Archive for September 19th, 2009

What to do first if your company’s being acquired?

Posted on 19 September 2009. Filed under: Tips & Suggestions |

You wake up one morning and you read that your company is being acquired.  Aside from the shock of hearing this, your first thought (other than ‘OMG!’ and ‘Is this a dream or am I really awake already?) usually is:  ‘What should I do if my company’s being acquired?’

That IS the right question.  What DO you do when you hear you’re company’s being acquired.  From the start, never ignore it.  Ultimately, what you heard or read may not be true, but don’t count on your luck at this point.  The announcement may be true but then never happen because ultimately the CEOs or the Board couldn’t agree on the deal with the purchaser.  Or the purchaser walks away.  Or maybe the government came in to stop it (something more common in some countries such as France, but don’t count on a government rescue if you’re in the US or UK).  It therefore may never happen, but then again it might, and you haven’t wasted too much time or energy if you assume that it will and you turn out to be wrong.

There is a whole book written about what you should do when you hear the news that you’re company is being (or might be) acquired.  But assuming you didn’t expect it and therefore have to take action NOW before you can get your hands on a copy of that book, you might want to consider the following:

First, don’t assume that anyone in the company will take care of you.  Even your boss … and maybe even especially your boss.  Unless your manager is part of the inside circle that designed the acquisition, he or she may actually know less than you do about what will happen.  That may be counter-intuitive, but too often true.  Similarly, the higher up in the organisation you are, the more likely you will be made redundant, so your boss is actually MORE likely than you to get fired.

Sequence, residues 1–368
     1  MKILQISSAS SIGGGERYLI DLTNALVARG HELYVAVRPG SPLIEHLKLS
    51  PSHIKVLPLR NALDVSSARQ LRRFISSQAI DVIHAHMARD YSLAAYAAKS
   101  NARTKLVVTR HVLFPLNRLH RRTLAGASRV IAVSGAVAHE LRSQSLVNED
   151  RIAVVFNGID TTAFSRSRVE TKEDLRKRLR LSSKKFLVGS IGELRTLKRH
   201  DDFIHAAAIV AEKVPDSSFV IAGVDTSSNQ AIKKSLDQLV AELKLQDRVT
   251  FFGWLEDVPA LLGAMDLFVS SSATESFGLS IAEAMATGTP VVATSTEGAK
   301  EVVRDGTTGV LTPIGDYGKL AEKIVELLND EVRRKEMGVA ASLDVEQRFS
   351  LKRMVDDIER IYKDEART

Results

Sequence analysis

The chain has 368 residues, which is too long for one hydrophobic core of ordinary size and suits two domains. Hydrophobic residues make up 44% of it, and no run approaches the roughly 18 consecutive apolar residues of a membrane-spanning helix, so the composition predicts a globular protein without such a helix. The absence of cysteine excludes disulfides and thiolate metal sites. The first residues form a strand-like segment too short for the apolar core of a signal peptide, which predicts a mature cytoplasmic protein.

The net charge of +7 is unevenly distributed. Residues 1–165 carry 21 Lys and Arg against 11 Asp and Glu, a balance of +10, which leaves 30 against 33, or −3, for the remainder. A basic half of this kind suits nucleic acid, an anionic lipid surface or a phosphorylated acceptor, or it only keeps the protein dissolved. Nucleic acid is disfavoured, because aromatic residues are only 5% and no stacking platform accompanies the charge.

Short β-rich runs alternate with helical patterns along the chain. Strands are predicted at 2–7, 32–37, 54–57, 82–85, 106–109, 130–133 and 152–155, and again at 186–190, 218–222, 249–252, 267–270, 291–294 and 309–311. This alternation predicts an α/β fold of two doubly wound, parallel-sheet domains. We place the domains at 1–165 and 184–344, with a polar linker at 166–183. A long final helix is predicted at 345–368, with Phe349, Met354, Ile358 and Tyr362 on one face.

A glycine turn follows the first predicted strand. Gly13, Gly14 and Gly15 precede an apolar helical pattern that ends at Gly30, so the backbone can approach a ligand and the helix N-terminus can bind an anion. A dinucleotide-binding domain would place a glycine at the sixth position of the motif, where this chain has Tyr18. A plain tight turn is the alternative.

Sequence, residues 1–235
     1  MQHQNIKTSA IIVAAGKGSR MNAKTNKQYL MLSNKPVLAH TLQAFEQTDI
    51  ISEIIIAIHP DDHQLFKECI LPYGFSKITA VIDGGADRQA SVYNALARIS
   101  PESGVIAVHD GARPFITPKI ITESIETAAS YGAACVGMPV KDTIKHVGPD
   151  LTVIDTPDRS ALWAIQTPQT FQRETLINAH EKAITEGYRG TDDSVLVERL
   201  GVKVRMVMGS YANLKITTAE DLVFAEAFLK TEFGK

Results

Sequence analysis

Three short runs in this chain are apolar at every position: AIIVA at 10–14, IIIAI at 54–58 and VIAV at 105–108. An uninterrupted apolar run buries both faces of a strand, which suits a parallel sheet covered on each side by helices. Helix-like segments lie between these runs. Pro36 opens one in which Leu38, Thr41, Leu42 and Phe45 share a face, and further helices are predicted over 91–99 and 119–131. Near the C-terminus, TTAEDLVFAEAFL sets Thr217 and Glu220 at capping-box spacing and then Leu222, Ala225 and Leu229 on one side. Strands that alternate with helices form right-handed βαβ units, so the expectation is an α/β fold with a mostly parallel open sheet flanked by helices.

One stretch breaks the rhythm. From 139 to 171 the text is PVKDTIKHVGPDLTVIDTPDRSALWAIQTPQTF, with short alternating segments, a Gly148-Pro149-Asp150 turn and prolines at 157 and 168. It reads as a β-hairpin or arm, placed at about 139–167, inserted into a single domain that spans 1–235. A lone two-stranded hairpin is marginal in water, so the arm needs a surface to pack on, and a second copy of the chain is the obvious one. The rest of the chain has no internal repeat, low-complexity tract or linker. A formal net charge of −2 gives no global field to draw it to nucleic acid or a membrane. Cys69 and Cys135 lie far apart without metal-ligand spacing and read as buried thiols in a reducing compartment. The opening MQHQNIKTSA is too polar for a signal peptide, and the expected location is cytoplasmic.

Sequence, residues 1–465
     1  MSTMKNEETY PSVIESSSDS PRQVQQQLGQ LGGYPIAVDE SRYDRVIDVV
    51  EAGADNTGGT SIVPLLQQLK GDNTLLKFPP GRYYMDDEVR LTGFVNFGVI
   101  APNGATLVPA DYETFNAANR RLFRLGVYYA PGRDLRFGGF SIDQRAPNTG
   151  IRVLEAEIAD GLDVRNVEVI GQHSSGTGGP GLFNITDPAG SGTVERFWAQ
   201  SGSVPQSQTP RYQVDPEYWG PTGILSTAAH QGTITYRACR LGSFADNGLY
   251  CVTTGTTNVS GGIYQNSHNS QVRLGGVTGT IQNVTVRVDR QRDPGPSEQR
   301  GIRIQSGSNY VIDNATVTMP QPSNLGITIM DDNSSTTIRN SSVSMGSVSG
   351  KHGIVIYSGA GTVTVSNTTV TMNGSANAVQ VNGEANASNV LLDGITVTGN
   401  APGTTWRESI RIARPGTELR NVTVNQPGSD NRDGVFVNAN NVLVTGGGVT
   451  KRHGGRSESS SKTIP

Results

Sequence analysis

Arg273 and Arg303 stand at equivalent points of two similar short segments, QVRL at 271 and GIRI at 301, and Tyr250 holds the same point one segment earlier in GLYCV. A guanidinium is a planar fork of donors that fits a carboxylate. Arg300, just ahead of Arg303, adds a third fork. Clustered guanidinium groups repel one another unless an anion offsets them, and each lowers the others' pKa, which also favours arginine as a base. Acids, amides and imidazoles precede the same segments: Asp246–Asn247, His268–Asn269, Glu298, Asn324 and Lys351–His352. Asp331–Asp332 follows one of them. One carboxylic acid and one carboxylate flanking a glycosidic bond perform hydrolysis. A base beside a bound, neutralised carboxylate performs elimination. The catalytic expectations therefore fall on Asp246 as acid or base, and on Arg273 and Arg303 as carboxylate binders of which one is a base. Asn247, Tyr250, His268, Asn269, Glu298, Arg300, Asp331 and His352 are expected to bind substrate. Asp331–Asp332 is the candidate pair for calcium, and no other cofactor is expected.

Second, prepare for the worst.  Do not put all your eggs in one basket (an internal opportunity).  So much changes during an M&A deal even after announcement that despite the fact that you might have been promised a position in the new organisation, the situation may change rapidly and the offer is withdrawn.  Have an exit plan.  Think about what you would do if you did lose your job, and then position yourself accordingly.  Just in case.  Consider it as your employment insurance policy, and invest some time in it.

Third, take proactive steps to protect your job.  The second half of the Surviving Mergers book has numerous suggestions about which actions others have found to be effective when their companies were acquired, but only you know best your own situation.  Offense is the best defense.

And when you’ve succeeded, please do come back here to this Surviving Mergers blog and let us know what worked for you so that others can use your ideas as well.  Or if your plan didn’t work, let us know as well so that others can avoid doing the same.  Thanks!

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